On May 4, CCI's Dr. Rebekah Rogers returned to Athens, Georgia to deliver the commencement address to Genetics graduates at the University of Georgia (UGA), her alma mater. When Rogers arrived at UGA as an undergrad interested in genetics, the university was home to one of just two undergraduate programs in the country where students could major in genetics. Now, there are nearly 40 such programs, but for Rogers, UGA will always be a top-notch trendsetter.
"Even then," she says, "They had a stellar training program for graduate students and undergrads." Working on her honors thesis in the labs of Drs. Rich Meagher and Jeff Bennetzen, Rogers endeared herself to faculty who got to know her and were willing to advise and help her when she applied to graduate programs. "Now that I'm grown up and am a professor," she says, "they have had me back for their seminar series' and now as commencement speaker.
"It is quite and honor," she says. "I think the idea of bringing in alumni who are working in Genetics is a really nice idea."
Her message to the graduates focused on Marshall Nirenberg and Heinrich Matthaei cracking the genetic code for how DNA and RNA are translated into proteins. "At the time," Rogers says, "it was one of the biggest questions in genetics after the double helix was solved. Nirenberg showed up at a conference to present the work and because he wasn't well known, most of the big researchers skipped his talk. A postdoc saw it and told several of the most respected professors in attendance, like Matt Meselson and Francis Crick, about Nirenberg's discovery. They were so excited about the work, they had him give the talk a second time so that everyone could hear it.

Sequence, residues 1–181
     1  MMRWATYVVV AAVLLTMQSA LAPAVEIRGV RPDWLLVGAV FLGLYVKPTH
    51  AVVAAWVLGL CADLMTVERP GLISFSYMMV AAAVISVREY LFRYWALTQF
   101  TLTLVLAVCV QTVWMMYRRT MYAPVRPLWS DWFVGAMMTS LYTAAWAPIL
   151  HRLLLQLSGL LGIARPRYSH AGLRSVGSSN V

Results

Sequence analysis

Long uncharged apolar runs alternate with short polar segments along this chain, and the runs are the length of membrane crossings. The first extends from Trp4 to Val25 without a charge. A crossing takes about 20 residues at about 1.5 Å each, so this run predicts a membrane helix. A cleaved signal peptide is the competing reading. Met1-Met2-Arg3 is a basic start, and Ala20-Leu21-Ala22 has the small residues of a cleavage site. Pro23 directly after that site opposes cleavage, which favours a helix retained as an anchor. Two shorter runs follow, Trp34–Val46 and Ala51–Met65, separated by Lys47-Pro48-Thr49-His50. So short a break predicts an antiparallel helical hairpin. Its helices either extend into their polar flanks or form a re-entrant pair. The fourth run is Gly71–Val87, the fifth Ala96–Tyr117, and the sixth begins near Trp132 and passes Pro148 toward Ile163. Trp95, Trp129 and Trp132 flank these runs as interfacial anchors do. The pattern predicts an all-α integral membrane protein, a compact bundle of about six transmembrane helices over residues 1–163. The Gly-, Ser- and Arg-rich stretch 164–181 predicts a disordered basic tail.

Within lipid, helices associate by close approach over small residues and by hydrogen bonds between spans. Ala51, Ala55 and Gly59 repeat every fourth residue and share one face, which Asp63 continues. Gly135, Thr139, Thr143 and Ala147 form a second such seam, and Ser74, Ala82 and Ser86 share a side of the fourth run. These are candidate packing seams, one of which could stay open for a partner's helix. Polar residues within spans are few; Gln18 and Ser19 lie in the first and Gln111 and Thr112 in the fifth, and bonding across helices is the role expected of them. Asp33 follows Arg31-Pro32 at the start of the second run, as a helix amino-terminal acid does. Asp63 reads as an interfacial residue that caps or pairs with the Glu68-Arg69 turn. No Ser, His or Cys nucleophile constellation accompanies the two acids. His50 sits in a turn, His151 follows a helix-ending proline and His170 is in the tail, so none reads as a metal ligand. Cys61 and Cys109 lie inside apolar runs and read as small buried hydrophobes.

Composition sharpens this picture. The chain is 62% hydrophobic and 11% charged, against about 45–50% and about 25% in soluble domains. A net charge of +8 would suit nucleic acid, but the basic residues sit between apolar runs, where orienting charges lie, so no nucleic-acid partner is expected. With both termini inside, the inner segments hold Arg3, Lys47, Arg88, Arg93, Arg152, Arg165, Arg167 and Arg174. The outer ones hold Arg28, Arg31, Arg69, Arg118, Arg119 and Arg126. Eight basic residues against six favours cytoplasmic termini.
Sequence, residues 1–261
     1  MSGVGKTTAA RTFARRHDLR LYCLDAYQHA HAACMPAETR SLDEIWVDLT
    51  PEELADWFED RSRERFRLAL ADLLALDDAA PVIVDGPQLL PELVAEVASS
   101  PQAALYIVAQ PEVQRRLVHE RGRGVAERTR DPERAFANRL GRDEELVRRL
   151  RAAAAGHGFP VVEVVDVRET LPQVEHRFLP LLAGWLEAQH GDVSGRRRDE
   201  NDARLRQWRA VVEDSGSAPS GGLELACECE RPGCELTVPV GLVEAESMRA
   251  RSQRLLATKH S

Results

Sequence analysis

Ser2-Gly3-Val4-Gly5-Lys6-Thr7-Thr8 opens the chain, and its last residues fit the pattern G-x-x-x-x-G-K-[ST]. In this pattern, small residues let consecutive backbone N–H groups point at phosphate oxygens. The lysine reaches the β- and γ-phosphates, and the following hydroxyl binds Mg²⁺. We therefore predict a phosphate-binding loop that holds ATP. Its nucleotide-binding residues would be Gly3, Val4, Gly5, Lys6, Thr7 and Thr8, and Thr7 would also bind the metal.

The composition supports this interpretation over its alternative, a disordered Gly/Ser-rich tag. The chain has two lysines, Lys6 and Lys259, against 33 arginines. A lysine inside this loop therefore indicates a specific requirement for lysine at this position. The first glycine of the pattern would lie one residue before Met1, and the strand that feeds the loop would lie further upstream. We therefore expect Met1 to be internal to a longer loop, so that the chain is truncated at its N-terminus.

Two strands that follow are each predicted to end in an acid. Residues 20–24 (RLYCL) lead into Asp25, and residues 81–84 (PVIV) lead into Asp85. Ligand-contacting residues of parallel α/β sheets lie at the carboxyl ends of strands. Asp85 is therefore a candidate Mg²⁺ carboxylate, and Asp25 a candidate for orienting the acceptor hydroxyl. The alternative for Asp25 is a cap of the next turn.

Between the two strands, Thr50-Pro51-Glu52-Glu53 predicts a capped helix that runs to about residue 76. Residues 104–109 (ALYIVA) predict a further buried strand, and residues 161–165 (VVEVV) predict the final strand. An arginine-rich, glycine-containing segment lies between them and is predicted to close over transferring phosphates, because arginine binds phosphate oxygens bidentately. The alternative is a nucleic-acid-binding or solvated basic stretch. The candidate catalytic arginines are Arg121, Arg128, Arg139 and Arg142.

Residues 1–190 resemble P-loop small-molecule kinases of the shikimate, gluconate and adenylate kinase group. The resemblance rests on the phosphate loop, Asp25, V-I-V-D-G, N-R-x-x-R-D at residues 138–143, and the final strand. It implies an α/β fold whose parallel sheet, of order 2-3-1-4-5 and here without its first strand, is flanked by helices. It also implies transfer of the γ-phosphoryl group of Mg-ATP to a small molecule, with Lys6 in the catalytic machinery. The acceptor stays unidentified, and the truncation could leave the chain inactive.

"Years later, someone asked Crick if he was upset that Nirenberg and Mattaei had solved the problem before he did. He responded with disbelief that anyone could ever be upset that someone had solved such an important problem."
Rogers appreciates the story because it shows that big discoveries often come from people who are not seeking fame, but quietly working on problems they care about.
"And, I love Crick's excitement for discovery no matter where solutions come from," she says. "I think science needs more people like that."
Rogers' message resonated with the class of approximately 50 graduates, their families, gathered faculty, administrators and guests. Dr. John Wares, a professor in the department, tweeted:
"@evolscientist just gave one of the nicest graduation speeches I’ve heard in a long time. Thanks Rebekah!"
"It was really nice going back to UGA and seeing all the professors I knew as an undergraduate," Rogers says. "It was Dr. Rodney Mauricio who invited me to give the talk. He was one of the professors who gave me advice and helped me with my applications to grad school.
"They seemed happy to see me setting up my own lab and gave me a lot of good advice."
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